I was particularity happy with the response from one person who had expressed scepticism when I first told him about my idea. After he watched it, he said that he got caught up in the story. That is the kind of thing I really like to hear. He went on to say that he found the story was a realistic depiction of what transportation planners do.
A former co-worker said one of the characters reminded him of a mutual acquaintance. That wasn’t something I intended, and don’t really think there is a resemblance. Nonetheless, I think it is a good sign if the characters are realistic enough to have them compare to real people.
Several people said that they thought the story was something that only transportation planners would be interested in. I certainly hope that isn’t the case, although it was a worry I had while I worked on the movie. I didn’t think people would have any trouble with the humour, even if they didn’t understand other aspects of the story.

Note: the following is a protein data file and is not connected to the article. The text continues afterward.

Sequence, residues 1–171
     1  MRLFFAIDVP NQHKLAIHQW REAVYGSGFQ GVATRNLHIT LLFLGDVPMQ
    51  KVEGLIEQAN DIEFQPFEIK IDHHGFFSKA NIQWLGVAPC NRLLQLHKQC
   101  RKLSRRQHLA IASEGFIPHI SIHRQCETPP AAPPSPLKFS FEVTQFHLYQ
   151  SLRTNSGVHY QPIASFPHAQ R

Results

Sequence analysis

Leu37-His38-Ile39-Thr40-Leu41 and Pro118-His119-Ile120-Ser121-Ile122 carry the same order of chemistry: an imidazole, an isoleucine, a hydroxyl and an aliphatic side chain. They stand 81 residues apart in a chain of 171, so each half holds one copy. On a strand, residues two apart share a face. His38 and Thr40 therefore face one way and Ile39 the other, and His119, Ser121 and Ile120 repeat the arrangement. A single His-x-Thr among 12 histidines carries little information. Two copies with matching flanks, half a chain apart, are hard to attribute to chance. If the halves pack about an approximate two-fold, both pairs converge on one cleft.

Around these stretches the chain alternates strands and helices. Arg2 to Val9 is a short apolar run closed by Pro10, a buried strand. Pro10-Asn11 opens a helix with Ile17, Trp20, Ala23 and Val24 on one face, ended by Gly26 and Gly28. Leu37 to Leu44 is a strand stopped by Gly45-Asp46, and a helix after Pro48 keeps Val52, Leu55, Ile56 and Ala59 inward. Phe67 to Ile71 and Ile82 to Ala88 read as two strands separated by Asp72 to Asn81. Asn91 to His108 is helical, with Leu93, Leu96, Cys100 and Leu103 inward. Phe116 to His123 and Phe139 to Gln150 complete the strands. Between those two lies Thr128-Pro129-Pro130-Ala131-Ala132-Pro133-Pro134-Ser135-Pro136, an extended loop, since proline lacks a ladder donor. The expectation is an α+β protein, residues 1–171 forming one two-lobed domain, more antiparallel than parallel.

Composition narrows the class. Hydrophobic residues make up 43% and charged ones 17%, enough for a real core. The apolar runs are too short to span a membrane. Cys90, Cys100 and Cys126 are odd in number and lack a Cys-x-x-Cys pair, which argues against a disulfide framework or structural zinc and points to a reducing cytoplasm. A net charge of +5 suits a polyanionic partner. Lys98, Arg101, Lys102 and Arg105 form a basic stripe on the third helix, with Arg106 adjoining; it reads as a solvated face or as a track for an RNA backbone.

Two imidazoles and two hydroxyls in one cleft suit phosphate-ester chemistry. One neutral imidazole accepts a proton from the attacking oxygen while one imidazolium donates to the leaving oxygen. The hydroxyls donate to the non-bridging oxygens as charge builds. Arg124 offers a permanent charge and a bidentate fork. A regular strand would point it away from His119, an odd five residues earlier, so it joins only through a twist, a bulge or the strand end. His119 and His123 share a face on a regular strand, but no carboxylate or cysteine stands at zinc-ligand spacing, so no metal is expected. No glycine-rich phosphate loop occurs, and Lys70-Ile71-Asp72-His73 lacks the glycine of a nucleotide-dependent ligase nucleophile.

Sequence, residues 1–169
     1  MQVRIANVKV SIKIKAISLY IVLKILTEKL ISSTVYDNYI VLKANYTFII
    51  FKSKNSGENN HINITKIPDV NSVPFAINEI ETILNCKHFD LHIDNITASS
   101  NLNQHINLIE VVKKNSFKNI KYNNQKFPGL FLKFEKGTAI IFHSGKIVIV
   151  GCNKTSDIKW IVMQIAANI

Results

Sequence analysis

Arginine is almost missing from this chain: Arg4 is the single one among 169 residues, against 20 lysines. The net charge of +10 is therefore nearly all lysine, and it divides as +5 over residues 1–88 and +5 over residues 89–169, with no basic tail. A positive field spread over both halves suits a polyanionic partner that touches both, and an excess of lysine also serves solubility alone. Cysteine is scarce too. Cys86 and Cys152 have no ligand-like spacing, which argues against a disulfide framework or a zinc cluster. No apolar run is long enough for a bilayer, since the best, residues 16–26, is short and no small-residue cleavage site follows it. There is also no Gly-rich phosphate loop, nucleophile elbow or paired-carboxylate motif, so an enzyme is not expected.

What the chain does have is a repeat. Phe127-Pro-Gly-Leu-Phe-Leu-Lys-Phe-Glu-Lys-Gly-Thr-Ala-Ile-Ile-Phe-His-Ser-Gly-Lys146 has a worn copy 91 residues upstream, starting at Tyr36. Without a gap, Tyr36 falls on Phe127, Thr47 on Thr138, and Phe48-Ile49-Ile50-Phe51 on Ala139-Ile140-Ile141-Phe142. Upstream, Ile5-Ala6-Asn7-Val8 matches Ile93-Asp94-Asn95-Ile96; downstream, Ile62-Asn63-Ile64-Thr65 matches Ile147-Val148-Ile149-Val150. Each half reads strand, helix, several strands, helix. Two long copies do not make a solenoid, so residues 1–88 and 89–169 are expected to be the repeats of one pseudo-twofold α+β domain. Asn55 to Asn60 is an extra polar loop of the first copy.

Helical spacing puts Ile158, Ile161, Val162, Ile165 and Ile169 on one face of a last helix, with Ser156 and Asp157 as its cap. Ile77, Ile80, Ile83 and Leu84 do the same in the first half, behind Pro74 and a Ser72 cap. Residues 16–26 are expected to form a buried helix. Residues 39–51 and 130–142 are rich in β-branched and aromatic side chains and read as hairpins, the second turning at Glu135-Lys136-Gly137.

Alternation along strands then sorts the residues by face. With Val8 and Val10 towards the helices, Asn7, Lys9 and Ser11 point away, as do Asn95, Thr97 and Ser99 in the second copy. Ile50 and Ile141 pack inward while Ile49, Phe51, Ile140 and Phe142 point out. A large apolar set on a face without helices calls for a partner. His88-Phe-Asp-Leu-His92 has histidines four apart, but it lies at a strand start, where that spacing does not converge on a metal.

One person told me that he stopped watching after five minutes because he objected to the use of a median barrier as a safety measure. He said that modern traffic engineers don’t use barriers to separate cars and pedestrians.
I thought that was an odd comment at first, because in the story the barrier isn’t used that way. It separates two lanes of traffic in an area where there wouldn’t be any pedestrians.
After I pondered his comment a bit, I think that the early part of the movie may mislead viewers about the situation. I think it become more clear later in the movie, but that would have been long after he stopped watching.
In any event, the barrier is what Alfred Hitchcock called a McGuffin. It is what the characters in the story think the story is about. The real story is about how the hero has to struggle with the financial and political constraints to do what he believes is the right thing.
You can watch “The Barrier” on my Website or on YouTube:
I would really like to hear more comments about the movie.